To be fair to your creditors though, in as much as the protections described go into place at that exact moment in time, they do deserve to get NOTICE of your having filed for bankruptcy. Official Notice is sent out by the bankruptcy court clerk by regular U.S. Mail. This can take up to ten days following the filing of your case. This does not mean you have to endure ten more days of threatening creditor calls. Notice comes in many forms and the simplest of these is“from your lips to their ears.” When they call, thank them for their interest in your financial well-being and give them the “good news!” Give them your case number, invite them to look it up on the Court’s web site, and invite them to call our office for verification of filing. Be polite yet stern: “I have filed for bankruptcy protection; this is my case number; this is my attorney’s name and phone number; please do not call again.”
7) First Meeting of Creditors
Also referred to as the Section 341 hearing, approximately one month after filing your petition in bankruptcy, you will be required to submit yourself to an oral examination by two specific entities and, if they appear, any of your creditors.
You must bring your social security card and a government issued photo identification card to this hearing or it will be postponed for another month or may subject your case to being dismissed.
The two specific entities are represented by one person, the local panel Trustee assigned to your case. In his or her capacity as the local panel Trustee, this person is charged with the responsibility of discovering whether or not you are in possession of any assets that are not protected from your creditors by our state’s exemption law. He or she represents your creditors generally, with an eye to collecting non exempt property from you and distributing the value of that property to them on a pro rata basis. Simultaneously, the panel Trustee also asks questions posed by the regional United States Trustee whose job is to watch out for fraud and find out if a person has the appearance of the ability to pay into a Chapter 13 payment plan rather than earning a discharge of debt outright.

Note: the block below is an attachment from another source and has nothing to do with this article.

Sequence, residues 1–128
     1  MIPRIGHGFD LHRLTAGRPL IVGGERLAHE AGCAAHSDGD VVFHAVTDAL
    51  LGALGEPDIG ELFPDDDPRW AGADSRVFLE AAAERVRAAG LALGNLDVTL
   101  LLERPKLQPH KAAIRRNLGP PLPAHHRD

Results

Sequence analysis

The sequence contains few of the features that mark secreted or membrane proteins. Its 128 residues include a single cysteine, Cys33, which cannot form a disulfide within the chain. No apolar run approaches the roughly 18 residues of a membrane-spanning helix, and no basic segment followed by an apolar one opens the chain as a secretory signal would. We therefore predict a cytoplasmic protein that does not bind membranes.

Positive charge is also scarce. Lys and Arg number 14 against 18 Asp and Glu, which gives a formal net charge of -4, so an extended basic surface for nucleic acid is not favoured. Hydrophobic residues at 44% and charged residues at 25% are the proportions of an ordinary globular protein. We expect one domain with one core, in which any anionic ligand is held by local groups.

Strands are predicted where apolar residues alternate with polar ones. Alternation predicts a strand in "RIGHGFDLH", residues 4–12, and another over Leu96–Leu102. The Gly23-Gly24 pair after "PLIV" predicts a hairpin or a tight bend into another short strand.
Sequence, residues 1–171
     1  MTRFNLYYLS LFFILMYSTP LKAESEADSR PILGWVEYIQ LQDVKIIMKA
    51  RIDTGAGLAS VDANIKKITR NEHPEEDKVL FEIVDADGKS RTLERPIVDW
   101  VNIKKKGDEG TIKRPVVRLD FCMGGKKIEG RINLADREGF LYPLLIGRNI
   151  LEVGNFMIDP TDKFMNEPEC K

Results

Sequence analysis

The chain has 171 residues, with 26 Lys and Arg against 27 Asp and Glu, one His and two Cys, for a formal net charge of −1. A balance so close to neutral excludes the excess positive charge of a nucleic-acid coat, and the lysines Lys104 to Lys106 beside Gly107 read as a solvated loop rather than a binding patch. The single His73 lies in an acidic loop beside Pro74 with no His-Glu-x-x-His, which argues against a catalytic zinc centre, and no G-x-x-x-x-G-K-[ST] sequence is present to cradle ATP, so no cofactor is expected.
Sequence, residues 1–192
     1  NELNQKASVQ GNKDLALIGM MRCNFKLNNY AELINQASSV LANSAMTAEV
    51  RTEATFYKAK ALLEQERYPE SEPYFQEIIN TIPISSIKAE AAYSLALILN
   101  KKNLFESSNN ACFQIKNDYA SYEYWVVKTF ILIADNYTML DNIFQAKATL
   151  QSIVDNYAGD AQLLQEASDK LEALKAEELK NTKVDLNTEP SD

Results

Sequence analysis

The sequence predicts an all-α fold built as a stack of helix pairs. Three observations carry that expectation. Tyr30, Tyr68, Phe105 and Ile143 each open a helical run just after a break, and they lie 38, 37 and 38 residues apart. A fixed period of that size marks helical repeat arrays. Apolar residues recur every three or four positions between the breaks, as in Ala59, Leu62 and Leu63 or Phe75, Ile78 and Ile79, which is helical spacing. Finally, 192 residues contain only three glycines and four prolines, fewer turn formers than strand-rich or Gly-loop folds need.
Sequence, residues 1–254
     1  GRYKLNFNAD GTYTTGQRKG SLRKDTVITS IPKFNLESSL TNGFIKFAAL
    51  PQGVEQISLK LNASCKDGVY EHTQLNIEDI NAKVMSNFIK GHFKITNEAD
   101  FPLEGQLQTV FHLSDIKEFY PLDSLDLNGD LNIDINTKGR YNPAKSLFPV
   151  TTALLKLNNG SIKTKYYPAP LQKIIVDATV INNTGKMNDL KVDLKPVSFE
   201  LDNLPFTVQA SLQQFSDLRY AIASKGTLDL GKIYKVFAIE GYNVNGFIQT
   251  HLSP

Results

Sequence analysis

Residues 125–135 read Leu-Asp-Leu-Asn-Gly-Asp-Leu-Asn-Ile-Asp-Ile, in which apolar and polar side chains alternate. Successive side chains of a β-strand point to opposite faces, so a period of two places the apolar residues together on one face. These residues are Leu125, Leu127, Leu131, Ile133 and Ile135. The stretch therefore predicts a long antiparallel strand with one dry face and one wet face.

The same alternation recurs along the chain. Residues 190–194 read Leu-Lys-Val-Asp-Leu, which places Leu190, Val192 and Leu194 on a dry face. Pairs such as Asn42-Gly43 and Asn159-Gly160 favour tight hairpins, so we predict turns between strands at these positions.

The Section 341 hearing is also an opportunity for any of your creditors to appear and ask you questions in an attempt to assert what it believes is a superior claim over your other creditors.The appearance of a creditor in a consumer bankruptcy case is a rare occurrence. Occasionally a representative from a home or car lender may appear just to confirm that you are carrying the insurance required under your loan contract.
If you have been honest about all of your assets and all of your debt and our firm has been thorough in its analysis of your financial status, any issues that might come about through the Trustee’s examination will have been dealt with ahead of time and there will be no surprises.
8) Debtor Education Course
Any time after the filing of your petition in bankruptcy but no later than 45 days following the first meeting of creditors, you are required to participate in a second education course. The first credit counseling course helped you to understand how you fell into financial hardship. The second course is designed to teach you planning and budgeting techniques to help you from getting into trouble moving forward.
As was the case with the credit counseling course, a Certificate of Completion must be scanned and uploaded to the court in order for you to earn a discharge of your debt.
9) Order of Discharge
Contrary to popular belief, once your presumptive discharge date has passed without any of your creditors filing an objection to the discharge of your debt to them, your debt is not “forgiven.” Instead, the Court orders that you are discharged of your personal liability for the debt and your creditors are permanently enjoined from trying to collect that debt from you. What once was a temporary “umbrella” has been converted into a permanent “iron shield.”
10) Enforcing the “iron shield” and rebuilding your credit
Congratulations! You’ve earned your discharge – it’s finally over! ALMOST.
The two most frequently overlooked post discharge things that happen to a person who has just earned a discharge in bankruptcy are:
Ignoring continued collection activity and hoping it goes away, and;
Doing nothing to repair the negative information still hanging out on one’s credit bureau report.
If your creditors are still calling you and not listening to you when you tell them not only did you file for bankruptcy but you have earned a discharge of your debt to them, they can be stopped and stopped forcefully.
Let our office know who is calling and about which debt. Keep a log of who calls, when they call and the name of the individual person who is calling. We will send out warning letters and call the collection people as necessary to make them stop. If they persist, the law allows us to “sue” them in bankruptcy and ask the court to enforce the injunction and in some cases, make them pay punitive damages for their behavior.
Just because you filed for bankruptcy and just because you have earned a discharge of your debt does not mean all that negative credit information on your credit bureau report will magically disappear. You have to make that information disappear yourself. Call for a free consultation on how we can help you make that happen for a nominal fee.